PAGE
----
Some Pharisees and teachers of religious law now arrived from Jerusalem to see Jesus. They asked him, “Why do your disciples disobey our age-old tradition? For they ignore our tradition of ceremonial hand washing before they eat.”
Jesus replied, “And why do you, by your traditions, violate the direct commandments of God? For instance, God says, ‘Honor your father and mother,’ and ‘Anyone who speaks disrespectfully of father or mother must be put to death.’ But you say it is all right for people to say to their parents, ‘Sorry, I can’t help you. For I have vowed to give to God what I would have given to you.’ In this way, you say they don’t need to honor their parents. And so you cancel the word of God for the sake of your own tradition. You hypocrites! Isaiah was right when he prophesied about you, for he wrote,
‘These people honor me with their lips, but their hearts are far from me. Their worship is a farce, for they teach man-made ideas as commands from God.’”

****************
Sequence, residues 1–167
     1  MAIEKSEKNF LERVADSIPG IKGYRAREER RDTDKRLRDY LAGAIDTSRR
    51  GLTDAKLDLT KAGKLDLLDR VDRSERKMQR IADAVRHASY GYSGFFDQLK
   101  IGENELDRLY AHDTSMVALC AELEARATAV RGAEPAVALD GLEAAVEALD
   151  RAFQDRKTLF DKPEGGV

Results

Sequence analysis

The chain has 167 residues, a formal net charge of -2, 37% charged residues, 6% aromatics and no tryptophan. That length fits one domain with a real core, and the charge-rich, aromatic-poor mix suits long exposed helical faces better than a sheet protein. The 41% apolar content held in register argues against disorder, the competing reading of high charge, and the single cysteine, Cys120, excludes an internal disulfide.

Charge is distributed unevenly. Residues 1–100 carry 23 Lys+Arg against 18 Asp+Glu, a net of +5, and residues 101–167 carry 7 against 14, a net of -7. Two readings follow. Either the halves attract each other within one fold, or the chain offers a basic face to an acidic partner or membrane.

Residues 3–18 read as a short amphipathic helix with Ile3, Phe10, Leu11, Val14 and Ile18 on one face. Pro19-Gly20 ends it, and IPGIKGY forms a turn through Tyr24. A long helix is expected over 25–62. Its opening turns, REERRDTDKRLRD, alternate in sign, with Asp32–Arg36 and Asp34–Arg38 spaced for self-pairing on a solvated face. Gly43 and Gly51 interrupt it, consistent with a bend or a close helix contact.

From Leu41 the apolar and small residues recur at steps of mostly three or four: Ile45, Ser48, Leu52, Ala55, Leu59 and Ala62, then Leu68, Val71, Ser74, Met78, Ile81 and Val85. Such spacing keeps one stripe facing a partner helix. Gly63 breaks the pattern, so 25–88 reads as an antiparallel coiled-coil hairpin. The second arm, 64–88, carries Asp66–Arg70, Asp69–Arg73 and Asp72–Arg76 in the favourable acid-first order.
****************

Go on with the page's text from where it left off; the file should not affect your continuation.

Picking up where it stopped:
The Pharisees and teachers of the law came from Jerusalem, the center of Jewish authority, to scrutinize Jesus’ activities. Over the centuries since the Jews’ return from Babylonian captivity, hundreds of religious traditions had been added to God’s laws. The Pharisees and teachers of the law considered them all equally important.
Anyone who made a Corban vow was required to dedicate money to God’s Temple that otherwise would have gone to support a person’s parents. Corban had become a religiously acceptable way to neglect parents, circumventing the child’s responsibility to them. Although the action—giving money to God—seemed worthy and no doubt conferred prestige on the giver, many people who took the Corban vow were disregarding God’s command to care for needy parents. These religious leaders were ignoring God’s clear command to honor their parents.
Many traditions are not bad in themselves. Certain traditions can add richness and meaning to life. But we must not assume that because our traditions have been practiced for years they should be elevated to a sacred standing. God’s principles never change, and his law doesn’t need additions. Traditions should help us understand God’s laws better, not become laws themselves.
When we claim to honor God while our hearts are far from him, our worship means nothing. Our actions and attitudes must be sincere. In what ways do you show the high priority of worship?